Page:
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Jim: Could be the cordage that's partly to blame. Since we have preferred set points on our sheets, esp sailing close-hauled, the same section of rope gets cleated again and again, This can lead to fuzzing and 'flat spots' in braided (kernmantel) sheets. The softer the rope, the more aggressively your cleat will grip it. A nice stiff sheet is easier to get in and out of cams. Climbers are forever trimming the ends off their ropes; the last 6 feet get soft in time, and you can't untie your harness knot!

Swapping ends of your mainsheet might give you a fresh, stiff cord to work with.

Buccaneer18, Grainnia
SJ21, Diarmuid
Albin Ballad 30, Fionn
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post #39 of 96 Old 09-21-2007
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One problem could be the possibility that the sheet you are using is a tad to large for the blocks.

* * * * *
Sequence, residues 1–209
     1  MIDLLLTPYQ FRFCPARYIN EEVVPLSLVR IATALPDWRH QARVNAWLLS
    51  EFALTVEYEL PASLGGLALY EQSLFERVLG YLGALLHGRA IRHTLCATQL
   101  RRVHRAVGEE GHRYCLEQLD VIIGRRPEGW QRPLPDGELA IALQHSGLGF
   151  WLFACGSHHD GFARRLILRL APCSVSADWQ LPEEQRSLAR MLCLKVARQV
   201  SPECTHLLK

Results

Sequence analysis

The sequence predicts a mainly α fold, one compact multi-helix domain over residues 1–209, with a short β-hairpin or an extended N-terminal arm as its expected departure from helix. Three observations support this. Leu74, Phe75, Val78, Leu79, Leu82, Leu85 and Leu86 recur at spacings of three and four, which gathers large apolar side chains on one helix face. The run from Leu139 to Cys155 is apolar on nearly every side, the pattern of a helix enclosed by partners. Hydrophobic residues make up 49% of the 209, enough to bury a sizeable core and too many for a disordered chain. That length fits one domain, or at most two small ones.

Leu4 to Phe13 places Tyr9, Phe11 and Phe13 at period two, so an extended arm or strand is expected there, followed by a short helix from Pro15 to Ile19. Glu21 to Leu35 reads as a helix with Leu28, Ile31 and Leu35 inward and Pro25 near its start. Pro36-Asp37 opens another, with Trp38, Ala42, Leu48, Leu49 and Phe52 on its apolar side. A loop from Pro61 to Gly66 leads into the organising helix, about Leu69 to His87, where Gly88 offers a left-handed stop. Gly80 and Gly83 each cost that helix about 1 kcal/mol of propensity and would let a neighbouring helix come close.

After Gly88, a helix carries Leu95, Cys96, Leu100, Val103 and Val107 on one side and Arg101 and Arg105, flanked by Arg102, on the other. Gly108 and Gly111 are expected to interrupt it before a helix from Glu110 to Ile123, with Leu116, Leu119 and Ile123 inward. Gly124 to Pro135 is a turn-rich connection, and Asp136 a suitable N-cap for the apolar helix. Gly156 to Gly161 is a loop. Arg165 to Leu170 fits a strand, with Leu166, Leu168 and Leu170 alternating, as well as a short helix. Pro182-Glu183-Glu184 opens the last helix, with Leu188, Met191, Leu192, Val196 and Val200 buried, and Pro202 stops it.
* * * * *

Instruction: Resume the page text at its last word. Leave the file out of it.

Proper sizing & matching the line to the blocks is most important. Also using a line size that is comfortable to your hands. So you may want to go up a size or two in the blocks for that comfortable fit.
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post #40 of 96 Old 09-21-2007
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As I understand it, The PO moved the block location to mid boom. As you are witnessing there is exponensially more load the further you go toward the boom. Make sure the PO installed a connection point in the boom that can take all that added point load!! Or you may find your new blocks on the sole.